That's an interesting point that you make there and it flew right by me. But could one not also, you know, ensure that all teachers employed by the district--and that could even be read to say math teachers and...I mean, we maybe want to think about that a little bit, how that's worded or...maybe, Senator Krist will say I'm just crazy, but that's something to think about. And that may be true.

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JOHN BONAIUTO

It caught our attention, Senator.

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SENATOR EBKE

Okay, thanks.

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SENATOR GROENE

Senator Kolowski.

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SENATOR KOLOWSKI

Senator Ebke touched on the exact point that I saw equally. John, the way that was worded made it look like there are elementary K-5 teachers that are certified in social studies. Well, they might have certification for 6, 7, 8, or 9, 10, 11, 12, but I don't think there's a certification for elementary social studies in that vein; it's an elementary teacher. So that would be one thing I think we have to be careful about that...and the state department people who are here might be able to speak to that better. Thank you.

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JOHN BONAIUTO

Thank you.

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SENATOR GROENE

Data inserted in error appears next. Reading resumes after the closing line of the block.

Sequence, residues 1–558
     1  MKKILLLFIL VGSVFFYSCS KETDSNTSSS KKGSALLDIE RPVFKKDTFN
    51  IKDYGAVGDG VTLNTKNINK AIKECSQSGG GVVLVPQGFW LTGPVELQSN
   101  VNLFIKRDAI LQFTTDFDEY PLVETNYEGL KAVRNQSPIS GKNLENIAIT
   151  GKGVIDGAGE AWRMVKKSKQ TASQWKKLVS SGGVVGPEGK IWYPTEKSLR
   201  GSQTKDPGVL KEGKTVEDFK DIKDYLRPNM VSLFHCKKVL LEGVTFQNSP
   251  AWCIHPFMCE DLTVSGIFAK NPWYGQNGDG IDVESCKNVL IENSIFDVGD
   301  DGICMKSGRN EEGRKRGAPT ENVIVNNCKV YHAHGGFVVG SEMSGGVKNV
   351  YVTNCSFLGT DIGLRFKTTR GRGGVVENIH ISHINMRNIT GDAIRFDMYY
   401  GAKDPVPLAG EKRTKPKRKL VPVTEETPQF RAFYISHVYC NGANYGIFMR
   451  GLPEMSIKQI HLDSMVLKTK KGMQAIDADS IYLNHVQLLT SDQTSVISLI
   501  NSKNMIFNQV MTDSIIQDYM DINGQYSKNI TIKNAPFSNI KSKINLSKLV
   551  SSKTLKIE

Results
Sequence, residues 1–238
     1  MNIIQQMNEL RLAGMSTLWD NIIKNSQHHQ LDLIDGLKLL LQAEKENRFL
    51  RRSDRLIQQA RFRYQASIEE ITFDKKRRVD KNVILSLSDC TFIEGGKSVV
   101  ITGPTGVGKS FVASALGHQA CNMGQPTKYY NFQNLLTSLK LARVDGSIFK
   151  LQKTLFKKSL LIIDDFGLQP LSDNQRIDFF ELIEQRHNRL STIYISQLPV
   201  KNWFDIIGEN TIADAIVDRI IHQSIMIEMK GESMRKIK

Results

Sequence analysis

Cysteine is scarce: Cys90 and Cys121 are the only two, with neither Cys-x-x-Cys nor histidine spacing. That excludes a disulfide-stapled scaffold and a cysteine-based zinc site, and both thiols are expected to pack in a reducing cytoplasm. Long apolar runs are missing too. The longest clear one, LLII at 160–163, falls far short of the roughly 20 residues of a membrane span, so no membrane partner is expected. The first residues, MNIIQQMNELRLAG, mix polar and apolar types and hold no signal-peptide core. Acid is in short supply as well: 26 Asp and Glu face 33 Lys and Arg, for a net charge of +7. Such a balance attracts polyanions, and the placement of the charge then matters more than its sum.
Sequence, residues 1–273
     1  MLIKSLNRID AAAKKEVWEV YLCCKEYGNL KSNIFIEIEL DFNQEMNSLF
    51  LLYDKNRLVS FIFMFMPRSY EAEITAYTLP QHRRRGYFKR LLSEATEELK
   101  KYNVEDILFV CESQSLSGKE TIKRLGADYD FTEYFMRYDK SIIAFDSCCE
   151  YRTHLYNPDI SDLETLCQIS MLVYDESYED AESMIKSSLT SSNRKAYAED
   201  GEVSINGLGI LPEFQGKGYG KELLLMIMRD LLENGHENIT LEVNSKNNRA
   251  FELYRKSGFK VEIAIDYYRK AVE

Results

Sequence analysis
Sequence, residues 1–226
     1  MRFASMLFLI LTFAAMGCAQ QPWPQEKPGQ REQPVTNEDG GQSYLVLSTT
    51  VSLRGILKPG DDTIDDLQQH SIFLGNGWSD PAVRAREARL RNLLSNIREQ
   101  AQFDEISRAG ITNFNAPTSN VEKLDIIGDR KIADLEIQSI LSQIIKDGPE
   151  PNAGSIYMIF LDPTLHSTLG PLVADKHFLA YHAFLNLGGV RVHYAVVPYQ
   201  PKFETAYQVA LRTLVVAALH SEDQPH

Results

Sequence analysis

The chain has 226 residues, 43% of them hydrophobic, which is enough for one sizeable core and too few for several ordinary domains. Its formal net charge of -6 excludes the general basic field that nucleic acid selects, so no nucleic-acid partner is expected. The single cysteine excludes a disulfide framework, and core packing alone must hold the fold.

Any other questions? So, the old law said--ensure that...assure themselves as to the character of all teachers employed and their knowledge and acceptance of the American form of government. So now we don't have to worry about anymore, you can just hire anybody? If they hate America, they can influence our children?

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JOHN BONAIUTO

No, Senator. But...

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SENATOR GROENE

Well, that's what it used to be. You had to make sure they would believe in the American form of life.

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JOHN BONAIUTO

We believe that there are adequate safeguards in background checks and before people get certified and are going to become teachers. Again, this is a law that was developed during the McCarthy era and we were having teachers sign loyalty oaths during this period of time. And I think that there was a little bit of controversy about that not that long ago when an old law that was on the books was questioned--should we do this or shouldn't we do this? And it was being ignored for years. And so, again, I think Senator Krist is modernizing this law to make it work now and into the future without having to go back and think about what was it really saying, because it was written so long ago. But your point...

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SENATOR GROENE

Has patriotism changed?

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JOHN BONAIUTO

No.

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SENATOR GROENE